Empirical test

The authors test those predictions using matched employer-employee data about the whole active population of Sweden between 1990 and 2010 from the Swedish Companies Registration Office (Bolagsverket). The exceptional quantity and quality of information available in this data set makes it ideal for the analysis. To measure firm’s financing constraints the authors use three discrete rating categories provided by the main rating company in Sweden. To identify the causal effect of an exogenous change in financing constraints (i.e., independent of firms’ characteristics) the authors use two further identification strategies: a regression discontinuity design (RDD) and a within-firm-year estimator. RDD is an econometric technique that consist of comparing individuals just above and just below a particular threshold. In this case, rating agencies have a continuous measure of firm’s risk but the rating is discrete. Therefore, firms near the thresholds with almost equal risk measure might be assigned in different credit ratings. Finally, the authors use shocks to the exchange rate of a firm-specific basket of currencies to identify negative demand shocks.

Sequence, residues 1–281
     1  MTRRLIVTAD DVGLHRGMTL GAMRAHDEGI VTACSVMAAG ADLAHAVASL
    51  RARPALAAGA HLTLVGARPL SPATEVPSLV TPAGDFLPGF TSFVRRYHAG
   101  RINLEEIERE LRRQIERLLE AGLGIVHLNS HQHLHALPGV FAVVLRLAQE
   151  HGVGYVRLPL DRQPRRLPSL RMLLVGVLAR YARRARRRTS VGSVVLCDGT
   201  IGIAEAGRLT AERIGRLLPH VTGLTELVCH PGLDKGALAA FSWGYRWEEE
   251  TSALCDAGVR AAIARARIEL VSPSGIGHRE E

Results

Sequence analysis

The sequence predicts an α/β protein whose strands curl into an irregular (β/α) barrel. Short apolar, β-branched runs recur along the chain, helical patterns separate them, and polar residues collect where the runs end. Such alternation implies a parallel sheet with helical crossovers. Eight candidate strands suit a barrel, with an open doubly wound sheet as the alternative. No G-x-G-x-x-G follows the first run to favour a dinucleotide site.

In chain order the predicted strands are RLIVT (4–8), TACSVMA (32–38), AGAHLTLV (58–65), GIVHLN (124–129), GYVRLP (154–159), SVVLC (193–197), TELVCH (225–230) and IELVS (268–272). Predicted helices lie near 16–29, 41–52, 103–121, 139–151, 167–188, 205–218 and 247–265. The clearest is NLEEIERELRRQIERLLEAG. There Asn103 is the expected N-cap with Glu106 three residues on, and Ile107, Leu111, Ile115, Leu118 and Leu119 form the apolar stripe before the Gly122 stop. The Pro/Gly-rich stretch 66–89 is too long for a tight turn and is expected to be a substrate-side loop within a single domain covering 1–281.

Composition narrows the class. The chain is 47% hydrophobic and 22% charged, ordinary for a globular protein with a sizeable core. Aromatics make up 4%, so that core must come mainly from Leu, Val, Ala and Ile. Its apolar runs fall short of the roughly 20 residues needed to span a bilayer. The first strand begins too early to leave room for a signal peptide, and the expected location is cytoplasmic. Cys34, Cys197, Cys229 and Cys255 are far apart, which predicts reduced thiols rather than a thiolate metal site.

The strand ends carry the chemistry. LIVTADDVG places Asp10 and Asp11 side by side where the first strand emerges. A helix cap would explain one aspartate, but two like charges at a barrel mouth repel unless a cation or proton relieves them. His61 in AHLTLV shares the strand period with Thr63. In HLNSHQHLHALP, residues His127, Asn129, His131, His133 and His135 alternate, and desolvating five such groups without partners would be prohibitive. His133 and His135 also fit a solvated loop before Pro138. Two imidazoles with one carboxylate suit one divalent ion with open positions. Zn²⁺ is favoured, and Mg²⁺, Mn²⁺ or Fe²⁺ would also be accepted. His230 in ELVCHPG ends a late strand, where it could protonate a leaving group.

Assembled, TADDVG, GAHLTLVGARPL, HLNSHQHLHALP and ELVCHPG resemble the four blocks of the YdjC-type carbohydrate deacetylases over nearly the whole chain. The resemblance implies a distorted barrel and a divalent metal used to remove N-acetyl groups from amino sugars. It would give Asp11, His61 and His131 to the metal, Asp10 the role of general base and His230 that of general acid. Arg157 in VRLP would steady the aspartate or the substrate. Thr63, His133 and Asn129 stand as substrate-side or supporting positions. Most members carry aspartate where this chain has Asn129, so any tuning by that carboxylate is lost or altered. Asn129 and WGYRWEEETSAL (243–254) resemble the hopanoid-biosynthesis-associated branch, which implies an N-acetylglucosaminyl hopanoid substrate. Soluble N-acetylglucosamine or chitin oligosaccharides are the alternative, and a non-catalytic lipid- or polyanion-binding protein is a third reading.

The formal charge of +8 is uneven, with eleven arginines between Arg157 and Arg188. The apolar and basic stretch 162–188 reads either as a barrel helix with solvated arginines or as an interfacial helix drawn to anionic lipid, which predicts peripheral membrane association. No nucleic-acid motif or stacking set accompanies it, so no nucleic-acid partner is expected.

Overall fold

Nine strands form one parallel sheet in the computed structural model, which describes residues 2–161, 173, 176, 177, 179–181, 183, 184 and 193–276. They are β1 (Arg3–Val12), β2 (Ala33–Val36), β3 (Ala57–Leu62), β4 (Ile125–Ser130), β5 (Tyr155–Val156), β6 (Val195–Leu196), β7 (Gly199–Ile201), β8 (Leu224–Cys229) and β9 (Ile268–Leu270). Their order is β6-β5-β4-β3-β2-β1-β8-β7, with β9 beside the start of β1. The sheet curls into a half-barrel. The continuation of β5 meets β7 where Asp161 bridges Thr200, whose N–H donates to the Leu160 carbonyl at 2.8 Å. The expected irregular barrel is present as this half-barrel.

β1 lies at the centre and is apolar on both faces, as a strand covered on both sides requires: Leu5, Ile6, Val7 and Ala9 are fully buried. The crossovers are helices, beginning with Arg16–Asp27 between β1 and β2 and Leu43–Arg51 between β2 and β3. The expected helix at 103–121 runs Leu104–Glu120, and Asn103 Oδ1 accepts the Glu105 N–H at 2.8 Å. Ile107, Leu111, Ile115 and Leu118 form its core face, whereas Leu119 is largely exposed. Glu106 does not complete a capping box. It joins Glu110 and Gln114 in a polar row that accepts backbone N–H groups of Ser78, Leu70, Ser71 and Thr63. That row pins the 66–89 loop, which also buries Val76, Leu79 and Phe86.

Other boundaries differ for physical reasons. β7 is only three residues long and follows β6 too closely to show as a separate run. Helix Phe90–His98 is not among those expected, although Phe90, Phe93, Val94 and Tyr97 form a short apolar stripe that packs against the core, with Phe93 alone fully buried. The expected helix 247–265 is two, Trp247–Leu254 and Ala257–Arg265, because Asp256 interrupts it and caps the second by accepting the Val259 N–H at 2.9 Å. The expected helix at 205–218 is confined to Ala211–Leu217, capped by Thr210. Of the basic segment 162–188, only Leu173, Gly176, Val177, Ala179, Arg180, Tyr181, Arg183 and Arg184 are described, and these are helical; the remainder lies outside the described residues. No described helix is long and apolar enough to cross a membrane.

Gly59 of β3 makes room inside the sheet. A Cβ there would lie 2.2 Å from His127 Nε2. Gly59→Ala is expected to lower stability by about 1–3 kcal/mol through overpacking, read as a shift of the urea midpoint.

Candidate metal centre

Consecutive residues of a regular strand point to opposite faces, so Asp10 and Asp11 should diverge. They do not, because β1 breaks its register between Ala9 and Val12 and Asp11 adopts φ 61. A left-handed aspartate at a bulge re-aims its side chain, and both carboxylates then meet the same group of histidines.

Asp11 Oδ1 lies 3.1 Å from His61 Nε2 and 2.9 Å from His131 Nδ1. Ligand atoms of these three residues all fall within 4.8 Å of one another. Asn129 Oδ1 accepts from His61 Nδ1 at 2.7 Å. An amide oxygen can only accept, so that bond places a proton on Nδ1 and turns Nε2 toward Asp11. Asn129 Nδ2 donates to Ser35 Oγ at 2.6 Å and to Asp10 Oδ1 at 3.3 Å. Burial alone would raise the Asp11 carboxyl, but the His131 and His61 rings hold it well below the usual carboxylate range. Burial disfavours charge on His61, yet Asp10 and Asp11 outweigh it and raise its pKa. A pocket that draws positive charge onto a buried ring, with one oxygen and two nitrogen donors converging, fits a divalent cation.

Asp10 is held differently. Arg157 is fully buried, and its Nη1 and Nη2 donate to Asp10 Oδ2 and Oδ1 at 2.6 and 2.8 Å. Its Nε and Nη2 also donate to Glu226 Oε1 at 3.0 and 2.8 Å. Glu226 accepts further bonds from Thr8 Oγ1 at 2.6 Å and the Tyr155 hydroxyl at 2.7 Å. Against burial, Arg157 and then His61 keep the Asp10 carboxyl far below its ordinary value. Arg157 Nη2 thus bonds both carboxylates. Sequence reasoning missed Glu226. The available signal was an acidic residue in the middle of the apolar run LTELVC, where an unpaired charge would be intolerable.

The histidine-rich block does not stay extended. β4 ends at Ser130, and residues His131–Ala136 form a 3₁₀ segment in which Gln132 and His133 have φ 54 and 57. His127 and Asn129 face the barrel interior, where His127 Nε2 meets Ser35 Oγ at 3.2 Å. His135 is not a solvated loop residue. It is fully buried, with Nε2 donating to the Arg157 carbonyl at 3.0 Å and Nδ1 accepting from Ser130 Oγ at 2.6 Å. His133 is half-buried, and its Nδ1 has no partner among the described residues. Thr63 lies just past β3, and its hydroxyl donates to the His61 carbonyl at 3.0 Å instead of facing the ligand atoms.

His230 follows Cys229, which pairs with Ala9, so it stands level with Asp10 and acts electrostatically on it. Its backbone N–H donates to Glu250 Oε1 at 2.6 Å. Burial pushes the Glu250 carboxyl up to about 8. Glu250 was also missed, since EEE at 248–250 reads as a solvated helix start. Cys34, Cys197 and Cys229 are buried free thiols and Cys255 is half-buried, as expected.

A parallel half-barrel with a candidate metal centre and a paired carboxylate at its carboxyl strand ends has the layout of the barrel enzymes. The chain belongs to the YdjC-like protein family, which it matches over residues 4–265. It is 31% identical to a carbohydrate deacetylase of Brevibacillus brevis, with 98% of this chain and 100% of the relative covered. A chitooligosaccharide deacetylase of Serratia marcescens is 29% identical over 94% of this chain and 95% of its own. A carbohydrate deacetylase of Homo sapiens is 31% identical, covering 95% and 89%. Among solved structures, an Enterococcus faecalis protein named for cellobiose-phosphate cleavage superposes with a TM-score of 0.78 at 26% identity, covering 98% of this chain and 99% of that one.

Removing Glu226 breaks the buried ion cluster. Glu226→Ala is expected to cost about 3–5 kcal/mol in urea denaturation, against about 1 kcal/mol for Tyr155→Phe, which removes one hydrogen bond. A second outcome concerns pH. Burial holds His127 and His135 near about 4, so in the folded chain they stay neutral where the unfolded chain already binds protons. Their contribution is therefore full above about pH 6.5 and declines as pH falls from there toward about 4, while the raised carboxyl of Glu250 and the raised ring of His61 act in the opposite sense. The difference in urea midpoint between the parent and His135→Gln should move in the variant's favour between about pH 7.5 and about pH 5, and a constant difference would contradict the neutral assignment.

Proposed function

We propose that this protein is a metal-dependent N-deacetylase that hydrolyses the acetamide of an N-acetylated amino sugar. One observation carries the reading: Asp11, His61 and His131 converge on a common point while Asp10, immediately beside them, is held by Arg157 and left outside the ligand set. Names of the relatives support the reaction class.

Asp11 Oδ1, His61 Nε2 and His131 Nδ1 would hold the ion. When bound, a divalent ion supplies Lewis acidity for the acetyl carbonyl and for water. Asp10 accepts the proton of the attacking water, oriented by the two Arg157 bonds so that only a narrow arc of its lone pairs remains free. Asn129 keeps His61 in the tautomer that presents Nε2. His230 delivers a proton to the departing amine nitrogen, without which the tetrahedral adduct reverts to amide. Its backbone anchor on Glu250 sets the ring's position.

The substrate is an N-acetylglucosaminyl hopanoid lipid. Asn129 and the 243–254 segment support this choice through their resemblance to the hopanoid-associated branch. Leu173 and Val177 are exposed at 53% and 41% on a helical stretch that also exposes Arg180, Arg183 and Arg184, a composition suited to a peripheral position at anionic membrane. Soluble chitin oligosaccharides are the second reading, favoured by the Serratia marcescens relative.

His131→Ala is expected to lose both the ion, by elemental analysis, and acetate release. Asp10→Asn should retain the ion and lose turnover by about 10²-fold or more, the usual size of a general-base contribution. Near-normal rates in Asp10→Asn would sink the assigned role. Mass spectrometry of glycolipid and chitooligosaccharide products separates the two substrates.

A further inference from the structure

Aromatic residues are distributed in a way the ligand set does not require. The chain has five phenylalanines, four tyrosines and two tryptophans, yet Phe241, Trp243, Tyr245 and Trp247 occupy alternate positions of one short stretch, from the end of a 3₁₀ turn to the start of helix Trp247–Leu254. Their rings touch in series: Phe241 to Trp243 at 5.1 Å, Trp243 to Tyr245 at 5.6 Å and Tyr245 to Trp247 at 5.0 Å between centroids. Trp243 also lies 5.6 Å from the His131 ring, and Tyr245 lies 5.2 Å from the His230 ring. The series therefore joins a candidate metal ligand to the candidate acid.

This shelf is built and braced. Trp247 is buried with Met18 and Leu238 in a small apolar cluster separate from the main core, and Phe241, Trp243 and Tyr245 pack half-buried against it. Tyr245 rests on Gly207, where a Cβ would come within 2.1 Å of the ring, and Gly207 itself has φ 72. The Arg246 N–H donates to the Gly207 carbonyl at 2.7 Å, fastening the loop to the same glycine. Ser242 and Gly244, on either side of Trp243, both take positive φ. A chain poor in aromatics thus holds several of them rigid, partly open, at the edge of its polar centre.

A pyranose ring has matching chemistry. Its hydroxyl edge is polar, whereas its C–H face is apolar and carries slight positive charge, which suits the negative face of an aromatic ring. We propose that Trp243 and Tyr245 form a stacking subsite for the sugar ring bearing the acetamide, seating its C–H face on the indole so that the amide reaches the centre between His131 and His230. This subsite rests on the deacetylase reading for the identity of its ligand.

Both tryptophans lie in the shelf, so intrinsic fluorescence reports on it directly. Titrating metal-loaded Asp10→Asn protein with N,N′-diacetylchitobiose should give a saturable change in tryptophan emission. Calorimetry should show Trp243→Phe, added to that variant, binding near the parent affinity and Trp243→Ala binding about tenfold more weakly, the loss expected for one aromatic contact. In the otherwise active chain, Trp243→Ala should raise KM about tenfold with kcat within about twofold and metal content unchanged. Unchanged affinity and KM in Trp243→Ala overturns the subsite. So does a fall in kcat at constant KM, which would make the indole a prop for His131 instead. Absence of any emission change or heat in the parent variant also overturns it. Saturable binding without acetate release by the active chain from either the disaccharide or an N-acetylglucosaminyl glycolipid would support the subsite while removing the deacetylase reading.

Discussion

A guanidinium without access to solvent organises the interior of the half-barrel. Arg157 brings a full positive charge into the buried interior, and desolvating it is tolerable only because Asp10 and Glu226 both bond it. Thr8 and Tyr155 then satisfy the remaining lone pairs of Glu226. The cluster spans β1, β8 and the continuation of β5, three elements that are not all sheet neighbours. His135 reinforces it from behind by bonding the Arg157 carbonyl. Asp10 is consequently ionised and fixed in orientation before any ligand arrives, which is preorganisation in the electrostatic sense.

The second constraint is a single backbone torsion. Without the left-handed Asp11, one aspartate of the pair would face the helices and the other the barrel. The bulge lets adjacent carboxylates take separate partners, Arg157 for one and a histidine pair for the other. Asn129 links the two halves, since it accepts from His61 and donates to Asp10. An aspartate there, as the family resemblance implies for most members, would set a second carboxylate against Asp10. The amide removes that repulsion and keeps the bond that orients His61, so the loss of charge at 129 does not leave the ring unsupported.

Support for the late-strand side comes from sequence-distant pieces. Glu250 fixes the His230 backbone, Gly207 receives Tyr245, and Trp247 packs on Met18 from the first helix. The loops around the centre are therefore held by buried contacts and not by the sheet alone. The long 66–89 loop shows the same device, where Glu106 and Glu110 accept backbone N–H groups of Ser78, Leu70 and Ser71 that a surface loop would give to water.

Results

Using the empirical strategy described above, they find results in line with the model predictions. In normal times, financially constrained firms have on average between 1.5% and 4.3% more short-tenured workers than non-financially constrained ones, and they also tend to fire these workers more frequently than the other firms. Moreover, after an exogenous demand shock, non-financially constrained firms fire more long-tenured workers and fewer short-tenured ones relative to normal times. Taken together, the results show that in normal times, the firing rate of short-tenured workers is three times higher than that of long-tenured workers in unconstrained firms but five times higher in constrained firms. During negative-shock times, the firing differential narrows down to a factor below two for unconstrained firms, but the convergence of firing rates is absent for constrained firms.

The analysis of the expected productivity of retained and fired workers confirms that while unconstrained firms are more able to retain good and promising workers and use periods of negative shocks to fire the least productive ones, constrained firms are not able to do so. As a result, financing constraints increase labor duality within firms with highly protected long-tenured workers and more exposed short-tenured ones. This has important negative consequences for the misallocation of resources across firms, the process of human capital accumulation, and the career paths of young workers.

This publication was part of the research project “Financial Constraints, Hiring and Firing, and the Careers of Young Workers” (2015-2018), funded by the La Caixa Foundation and is forthcoming in the Journal of Financial Economics.